A New Generation: Education and Conservation

On May 15, 2012, we visited The National Museum of Wildlife just outside of Jackson Hole, WY. The museum design was quite impressive and the architecture was both unique and unassuming. Upon arriving, our first impressions were that the museum was built from natural materials that blended well with the building’s environment. The building itself had a low profile and fit into the surrounding landscape subtly. As we entered, we gathered that the building was constructed to emulate a sense of the natural world and discovery. The artwork inside was also incredible and we believe the target audience to include conservationists, art enthusiasts, and tourists. We also believe that this museum serves as an important implement to engage the public to learn, be inspired, and strengthen their connection to the natural world. Originally museums were intended to serve as a place to house artifacts and works of art and preserve them for future study and appreciation. The museums of today are evolving to serve as a place of education and exposure to themes that function to give each individual their own subjective experience to take away. This educational and interpretive experience really works well to engage the public and potentially enlighten them on different perspectives of certain issues, including, in this case, wildlife conservation.

National Museum of Wildlife Art

A specific exhibit that touched us personally was the museum’s children’s exhibit. This section is special because it is an important step in protecting the future of Yellowstone and all natural ecosystems, which starts with our youth. Seeing a whole portion of the museum dedicated to fostering children’s imagination and strengthening their connection to nature is a positive step to the future of environmental accountability and awareness. The artwork of the children was also a good example of how the beauty of nature and other artists’ amazing works are inspiring kids to interpret nature for themselves and recreate their own versions of natural wonders.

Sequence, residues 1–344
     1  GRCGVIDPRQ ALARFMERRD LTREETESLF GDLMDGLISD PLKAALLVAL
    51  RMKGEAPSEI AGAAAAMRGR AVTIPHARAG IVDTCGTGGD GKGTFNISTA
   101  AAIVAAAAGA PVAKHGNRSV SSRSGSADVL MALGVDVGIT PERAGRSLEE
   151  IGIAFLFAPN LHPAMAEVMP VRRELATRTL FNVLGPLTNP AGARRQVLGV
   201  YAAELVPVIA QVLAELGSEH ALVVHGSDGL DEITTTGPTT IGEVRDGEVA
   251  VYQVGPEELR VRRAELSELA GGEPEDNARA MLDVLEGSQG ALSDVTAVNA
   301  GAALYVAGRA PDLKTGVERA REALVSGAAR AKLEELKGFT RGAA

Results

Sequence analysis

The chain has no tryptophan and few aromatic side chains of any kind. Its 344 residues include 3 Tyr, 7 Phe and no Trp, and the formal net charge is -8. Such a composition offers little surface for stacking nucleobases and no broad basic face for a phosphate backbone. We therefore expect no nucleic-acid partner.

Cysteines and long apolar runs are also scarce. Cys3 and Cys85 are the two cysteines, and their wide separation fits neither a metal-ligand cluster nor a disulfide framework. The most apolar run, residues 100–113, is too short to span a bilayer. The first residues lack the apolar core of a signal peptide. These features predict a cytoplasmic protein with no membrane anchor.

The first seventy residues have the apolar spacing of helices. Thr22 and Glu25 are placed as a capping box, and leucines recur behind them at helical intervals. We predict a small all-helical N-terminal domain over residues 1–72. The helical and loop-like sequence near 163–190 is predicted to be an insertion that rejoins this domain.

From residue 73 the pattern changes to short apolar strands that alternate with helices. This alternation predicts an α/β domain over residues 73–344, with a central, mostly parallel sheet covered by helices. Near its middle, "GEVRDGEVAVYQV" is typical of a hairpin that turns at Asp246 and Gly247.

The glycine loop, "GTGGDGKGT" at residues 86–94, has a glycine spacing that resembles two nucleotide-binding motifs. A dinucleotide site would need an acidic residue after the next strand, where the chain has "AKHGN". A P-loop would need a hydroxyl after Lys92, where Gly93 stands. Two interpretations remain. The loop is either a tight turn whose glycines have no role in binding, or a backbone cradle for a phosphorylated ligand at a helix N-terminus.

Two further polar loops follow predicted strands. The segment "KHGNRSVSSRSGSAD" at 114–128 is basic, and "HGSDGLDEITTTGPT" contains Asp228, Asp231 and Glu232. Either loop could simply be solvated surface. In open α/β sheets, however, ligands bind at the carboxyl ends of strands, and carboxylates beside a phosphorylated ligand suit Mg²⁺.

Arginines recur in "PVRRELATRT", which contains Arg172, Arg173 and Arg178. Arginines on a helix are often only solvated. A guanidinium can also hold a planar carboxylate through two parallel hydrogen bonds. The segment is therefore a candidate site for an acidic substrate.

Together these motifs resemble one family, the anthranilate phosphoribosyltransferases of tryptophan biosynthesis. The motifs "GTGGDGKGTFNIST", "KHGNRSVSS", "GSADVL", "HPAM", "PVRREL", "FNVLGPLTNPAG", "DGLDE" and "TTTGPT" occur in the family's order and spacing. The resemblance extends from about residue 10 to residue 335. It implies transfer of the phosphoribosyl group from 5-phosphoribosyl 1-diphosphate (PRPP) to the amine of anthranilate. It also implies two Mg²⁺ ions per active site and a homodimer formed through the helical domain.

Children's Gallery of National Museum of Wildlife Art

Children's Entry for the Federal Junior Duck Stamp Contest

The National Wildlife Museum is a place that has multiple functions but most importantly it shines a new light on the essence of Yellowstone. The exhibits and design of the facility were intended to create an opportunity of discovery and self-interpretation. There is great meaning behind the works of art and they represent an external expression of artists’ genuine passion and desire to inspire other people to learn from them and carry on with new art and conservation efforts. It is vital that this aspect of a museum helps others learn and understand this frame of analysis because Yellowstone is one of the last genuine wildernesses left in the United States. The future of conservation in this incredible land relies on fostering our youth’s imagination and attachment to wildlife and the environment. As we continue to create opportunities to target this audience we are solidifying the future of this land through education as we pass the responsibility of conservation management to well prepared, educated, and environmentally connected youth.

Yellowstone & Jackson Photos

A Place as Text Excursion: Gardiner, MT

This evening we ventured out into the town of Gardiner to grab a quick bite to eat at a local pizza spot. The weather was beautiful and the sun had finally broken through with a brisk cool breeze blowing. Gardiner is an incredibly small town and as we walked down the main road, it quickly became apparent how small and simple all the buildings and houses were. We all agreed that the town seemed very frontier-like in appearance and  the aesthetics of the buildings seemed to show its western heritage. The west has always represented a place of new beginnings and in one interview with a local girl named Cassie, a waitress at the local  K-Bar, she described her experience. ” I moved here this past summer with nothing and I was so surprised when I explained my situation to a local Hotel manager who was understanding enough to let me stay in his hotel for 5 days for free until I found work. After that I managed to find this waiting  job. The hotel manager offered me a position that let me work there and stay with a $100 rent fee subtracted out of my paycheck each month”. This gave us the impression that the people and businesses in Gardiner are very welcoming and friendly and each of us agreed that our encounters with the locals supported a welcoming environment.